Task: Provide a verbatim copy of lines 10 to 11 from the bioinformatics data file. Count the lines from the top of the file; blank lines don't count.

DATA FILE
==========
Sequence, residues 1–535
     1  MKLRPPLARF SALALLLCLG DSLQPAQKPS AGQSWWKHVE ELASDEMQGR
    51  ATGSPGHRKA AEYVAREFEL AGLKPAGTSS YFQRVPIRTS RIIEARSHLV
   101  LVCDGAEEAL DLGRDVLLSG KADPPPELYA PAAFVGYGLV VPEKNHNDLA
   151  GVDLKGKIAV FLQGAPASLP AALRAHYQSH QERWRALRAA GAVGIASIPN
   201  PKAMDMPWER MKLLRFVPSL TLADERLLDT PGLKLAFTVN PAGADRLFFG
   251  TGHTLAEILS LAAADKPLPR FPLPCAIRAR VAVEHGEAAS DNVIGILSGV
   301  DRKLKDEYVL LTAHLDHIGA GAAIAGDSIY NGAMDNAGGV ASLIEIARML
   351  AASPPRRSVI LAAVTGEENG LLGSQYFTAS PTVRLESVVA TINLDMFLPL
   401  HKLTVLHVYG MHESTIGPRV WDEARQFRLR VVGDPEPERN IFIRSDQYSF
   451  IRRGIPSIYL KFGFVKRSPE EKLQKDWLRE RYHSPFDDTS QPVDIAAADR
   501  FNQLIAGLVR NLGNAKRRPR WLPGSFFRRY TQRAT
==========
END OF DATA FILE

   401  HKLTVLHVYG MHESTIGPRV WDEARQFRLR VVGDPEPERN IFIRSDQYSF
   451  IRRGIPSIYL KFGFVKRSPE EKLQKDWLRE RYHSPFDDTS QPVDIAAADR